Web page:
Top News

20 to ’20: Calgary's sporting icons of the 2000s so far — Kaleb Toth


As 2020 winds to a close, Postmedia’s Wes Gilbertson profiles Calgary’s sporting icons of the 2000s……

Set to join the National Lacrosse League as an expansion squad, the Calgary Roughnecks needed a sharpshooter.

And a salesperson.

Kaleb Toth, a homegrown talent, turned out to be both.

“At first, a lot of people didn’t know what the Roughnecks were. Some didn’t even know what lacrosse was,” Toth recalled, reminiscing about the early days of a franchise that launched in the 2002 NLL season. “So it was more about educating everybody. I remember going to events and talking to kids or talking to parents, and they had no clue what lacrosse was. They didn’t understand. So I’d say, ‘Hey, I’m going to leave you some tickets. Come to a game, check it out and I guarantee you will fall in love with the sport.’

“That’s what it was all about at the very beginning — just getting people aware, getting it out there and getting people to show up. It’s an easy sell as soon as somebody walks in the rink and watches a game, because it’s so entertaining. Once we got ’em there, they were hooked.”

Professional lacrosse has been a hit in Calgary. The Roughnecks averaged nearly 12,700 fans per contest this past season. On the local sports scene, only the Flames and Stampeders are a bigger draw.

Toth, as the original face-of-the-franchise, deserves a heap of credit.

From school visits and camps to media appearances and grocery-store autograph signings, he swayed thousands to attend their first game.

More often that not, he was the guy who’d have them spilling their popcorn — or swinging their shirts — with a top-shelf shot. He retired as the Riggers’ all-time leading lamp-lighter, with 274 tallies, but has since been surpassed by current stars Dane Dobbie and Curtis Dickson in the club record book.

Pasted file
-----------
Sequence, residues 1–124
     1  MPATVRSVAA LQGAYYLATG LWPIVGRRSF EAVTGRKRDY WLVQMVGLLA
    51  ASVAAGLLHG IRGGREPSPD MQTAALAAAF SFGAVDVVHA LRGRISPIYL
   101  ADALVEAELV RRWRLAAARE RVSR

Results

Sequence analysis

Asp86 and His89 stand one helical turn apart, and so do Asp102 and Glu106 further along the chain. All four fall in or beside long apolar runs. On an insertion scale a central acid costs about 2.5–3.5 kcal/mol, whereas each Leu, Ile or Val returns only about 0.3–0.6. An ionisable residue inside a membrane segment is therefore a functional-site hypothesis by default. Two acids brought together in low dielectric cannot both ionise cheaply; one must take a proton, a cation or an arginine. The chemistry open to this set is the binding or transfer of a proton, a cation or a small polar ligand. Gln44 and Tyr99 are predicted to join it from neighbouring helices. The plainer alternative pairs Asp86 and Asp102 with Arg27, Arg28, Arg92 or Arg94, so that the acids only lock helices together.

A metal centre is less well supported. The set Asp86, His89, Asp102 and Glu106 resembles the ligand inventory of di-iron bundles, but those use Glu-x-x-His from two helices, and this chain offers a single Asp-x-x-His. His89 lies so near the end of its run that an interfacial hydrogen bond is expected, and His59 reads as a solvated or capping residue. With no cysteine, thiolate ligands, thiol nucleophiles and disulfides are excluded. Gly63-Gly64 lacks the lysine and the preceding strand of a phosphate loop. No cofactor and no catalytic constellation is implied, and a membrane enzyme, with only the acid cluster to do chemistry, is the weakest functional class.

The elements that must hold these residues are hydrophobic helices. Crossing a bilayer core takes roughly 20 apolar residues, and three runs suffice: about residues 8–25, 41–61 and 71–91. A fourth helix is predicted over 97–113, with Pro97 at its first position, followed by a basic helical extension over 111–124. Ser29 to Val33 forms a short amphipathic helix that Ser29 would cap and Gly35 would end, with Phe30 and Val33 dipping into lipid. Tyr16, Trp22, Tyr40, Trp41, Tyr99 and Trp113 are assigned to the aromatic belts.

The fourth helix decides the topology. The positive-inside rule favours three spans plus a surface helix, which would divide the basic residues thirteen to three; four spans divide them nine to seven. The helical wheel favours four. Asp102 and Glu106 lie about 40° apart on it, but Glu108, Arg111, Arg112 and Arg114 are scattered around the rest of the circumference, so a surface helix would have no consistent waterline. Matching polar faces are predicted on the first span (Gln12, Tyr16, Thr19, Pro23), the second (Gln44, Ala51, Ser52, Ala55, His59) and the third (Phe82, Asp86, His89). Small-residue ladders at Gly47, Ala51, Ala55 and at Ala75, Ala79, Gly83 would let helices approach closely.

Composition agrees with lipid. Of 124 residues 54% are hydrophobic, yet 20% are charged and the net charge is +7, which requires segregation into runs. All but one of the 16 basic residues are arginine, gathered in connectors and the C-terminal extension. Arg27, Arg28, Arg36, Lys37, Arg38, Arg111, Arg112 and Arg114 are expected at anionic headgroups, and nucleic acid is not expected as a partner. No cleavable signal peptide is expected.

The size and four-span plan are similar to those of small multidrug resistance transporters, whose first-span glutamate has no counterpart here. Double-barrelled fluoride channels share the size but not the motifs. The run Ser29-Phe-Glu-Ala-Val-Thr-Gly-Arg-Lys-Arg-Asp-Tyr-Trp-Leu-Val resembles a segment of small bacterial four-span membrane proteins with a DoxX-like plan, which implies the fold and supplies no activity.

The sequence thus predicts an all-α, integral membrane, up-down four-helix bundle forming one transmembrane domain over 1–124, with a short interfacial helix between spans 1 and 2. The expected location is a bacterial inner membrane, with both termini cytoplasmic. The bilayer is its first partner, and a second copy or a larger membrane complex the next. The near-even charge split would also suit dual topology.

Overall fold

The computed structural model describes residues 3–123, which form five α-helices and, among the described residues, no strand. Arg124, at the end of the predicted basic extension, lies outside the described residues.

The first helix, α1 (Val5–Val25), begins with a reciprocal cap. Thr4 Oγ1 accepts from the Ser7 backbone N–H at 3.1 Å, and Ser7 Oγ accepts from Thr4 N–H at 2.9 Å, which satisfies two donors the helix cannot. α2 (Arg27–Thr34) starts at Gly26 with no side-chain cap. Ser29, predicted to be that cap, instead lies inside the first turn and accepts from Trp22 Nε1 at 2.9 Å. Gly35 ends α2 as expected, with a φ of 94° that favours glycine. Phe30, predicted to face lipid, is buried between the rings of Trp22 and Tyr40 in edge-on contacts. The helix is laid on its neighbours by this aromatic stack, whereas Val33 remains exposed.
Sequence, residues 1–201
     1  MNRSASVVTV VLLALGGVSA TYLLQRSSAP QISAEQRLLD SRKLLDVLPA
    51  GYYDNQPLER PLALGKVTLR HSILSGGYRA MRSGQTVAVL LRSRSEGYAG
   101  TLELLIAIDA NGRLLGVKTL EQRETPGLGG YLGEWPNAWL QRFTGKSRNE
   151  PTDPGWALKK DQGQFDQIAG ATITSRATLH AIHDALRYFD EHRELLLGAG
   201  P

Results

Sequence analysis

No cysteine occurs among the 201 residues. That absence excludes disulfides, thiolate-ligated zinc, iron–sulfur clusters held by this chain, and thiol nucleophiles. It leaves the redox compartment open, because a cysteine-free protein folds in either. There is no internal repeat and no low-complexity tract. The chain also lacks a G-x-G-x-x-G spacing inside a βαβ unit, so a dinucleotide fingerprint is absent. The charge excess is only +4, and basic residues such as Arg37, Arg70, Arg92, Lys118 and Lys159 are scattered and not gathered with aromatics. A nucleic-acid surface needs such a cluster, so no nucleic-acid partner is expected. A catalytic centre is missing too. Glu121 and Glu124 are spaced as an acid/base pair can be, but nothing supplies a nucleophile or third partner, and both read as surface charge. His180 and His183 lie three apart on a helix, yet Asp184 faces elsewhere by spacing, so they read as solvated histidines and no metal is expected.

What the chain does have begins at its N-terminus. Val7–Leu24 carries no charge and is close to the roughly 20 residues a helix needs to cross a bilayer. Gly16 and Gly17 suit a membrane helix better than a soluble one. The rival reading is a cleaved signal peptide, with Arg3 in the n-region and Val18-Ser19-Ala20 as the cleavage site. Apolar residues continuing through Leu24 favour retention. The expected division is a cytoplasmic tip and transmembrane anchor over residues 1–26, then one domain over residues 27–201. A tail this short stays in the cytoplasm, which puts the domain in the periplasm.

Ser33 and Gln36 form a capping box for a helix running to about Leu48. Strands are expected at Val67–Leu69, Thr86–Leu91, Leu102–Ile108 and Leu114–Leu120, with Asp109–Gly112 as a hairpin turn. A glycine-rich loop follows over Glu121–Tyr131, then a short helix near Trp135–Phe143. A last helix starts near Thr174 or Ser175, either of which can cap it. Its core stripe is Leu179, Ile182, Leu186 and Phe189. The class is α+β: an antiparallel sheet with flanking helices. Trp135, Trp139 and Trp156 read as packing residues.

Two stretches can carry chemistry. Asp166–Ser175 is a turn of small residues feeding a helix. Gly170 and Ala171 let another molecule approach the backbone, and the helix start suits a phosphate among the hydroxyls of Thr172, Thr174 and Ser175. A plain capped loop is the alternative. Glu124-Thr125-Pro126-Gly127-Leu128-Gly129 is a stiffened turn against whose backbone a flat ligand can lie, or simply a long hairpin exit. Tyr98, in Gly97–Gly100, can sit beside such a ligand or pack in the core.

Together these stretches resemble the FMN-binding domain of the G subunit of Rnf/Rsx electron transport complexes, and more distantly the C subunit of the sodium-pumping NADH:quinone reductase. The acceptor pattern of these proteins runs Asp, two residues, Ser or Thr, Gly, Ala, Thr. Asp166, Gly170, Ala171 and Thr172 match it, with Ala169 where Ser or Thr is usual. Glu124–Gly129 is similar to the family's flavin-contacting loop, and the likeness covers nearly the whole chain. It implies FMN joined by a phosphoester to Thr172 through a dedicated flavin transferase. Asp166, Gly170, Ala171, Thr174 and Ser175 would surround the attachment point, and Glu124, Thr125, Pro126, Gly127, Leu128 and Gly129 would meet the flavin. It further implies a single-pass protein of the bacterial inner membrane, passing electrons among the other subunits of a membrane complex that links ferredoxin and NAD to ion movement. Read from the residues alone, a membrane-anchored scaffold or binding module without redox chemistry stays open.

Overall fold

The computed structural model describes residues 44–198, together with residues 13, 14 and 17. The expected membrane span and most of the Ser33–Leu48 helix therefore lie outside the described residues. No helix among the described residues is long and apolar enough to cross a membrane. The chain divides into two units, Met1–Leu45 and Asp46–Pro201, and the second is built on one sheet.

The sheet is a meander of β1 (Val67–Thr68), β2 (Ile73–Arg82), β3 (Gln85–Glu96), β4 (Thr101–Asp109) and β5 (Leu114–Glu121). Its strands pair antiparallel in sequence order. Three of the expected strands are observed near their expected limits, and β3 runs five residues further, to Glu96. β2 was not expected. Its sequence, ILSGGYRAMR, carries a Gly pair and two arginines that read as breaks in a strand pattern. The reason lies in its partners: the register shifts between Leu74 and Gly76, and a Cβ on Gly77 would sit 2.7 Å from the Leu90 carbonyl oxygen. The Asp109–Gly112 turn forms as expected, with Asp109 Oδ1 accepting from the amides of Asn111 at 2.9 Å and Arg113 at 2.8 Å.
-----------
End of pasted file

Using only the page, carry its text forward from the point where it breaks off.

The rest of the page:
Before Calgary was awarded an expansion outfit, Toth had already started to make a name for himself in a pair of campaigns with the NLL’s Toronto Rock. In fact, the forward scored the last goal in the history of Maple Leaf Gardens when he buried a buzzer-beater in the championship game as a rookie. (There’s a good bit of bar trivia.)

Toth, who’d been commuting back-and-forth from Calgary, mentioned to the higher-ups in Toronto that he’d embrace a trade to his hometown team, if it made sense for both sides.

“Fortunately, they were able to make a deal work,” he said. “My family was ecstatic, because they were able to see me play closer to home. And I was ecstatic about being able to help grow a franchise and help develop a sport I love and I grew up playing in Calgary.”

Not everybody, mind you, was initially thrilled.

The Roughnecks surrendered two significant pieces — second-overall pick Blaine Manning, plus their first-round selection the following year — to pry Toth out of Toronto.

“The other GMs around the league didn’t like the deal. They thought I was getting ripped off,” recalled Brad Banister, who doubled as general manager and the frontman of the Roughnecks’ original ownership group. “They were thinking that I gave up too much. But in hindsight, I still stick to my guns. I think that was the right move, because I needed a face on the team.

“There was more to the acquisition than the fact he was a really good lacrosse player.”

Indeed, the corner-picking proficiency was just part of the appeal.

Toth had been a student at Maple Ridge Elementary, R.T. Alderman Junior High and Lord Beaverbrook High School.

He had played community lacrosse for the Willow Ridge Chiefs and been a standout for the Calgary Axemen.

He’d skated in the Mac’s Midget-AAA Tournament with the Calgary Buffaloes before a four-season stint in the Western Hockey League.

And he was already proving a kid from the Stampede City could make a dent in a sport that had long been dominated by those from B.C. and Ontario.

“Kaleb was such an exceptional athlete, playing hockey, playing lacrosse, kind of doing it all, and I ended up following his path and following him out to Burnaby to play junior,” recalled Calgary-raised Geoff Snider, who represented Canada at four editions of the world field lacrosse championships, spent five seasons as a faceoff ace with the Roughnecks and is now a grow-the-game force with his Elev8 program, which has helped more than 100 local teens score post-secondary offers through the sport.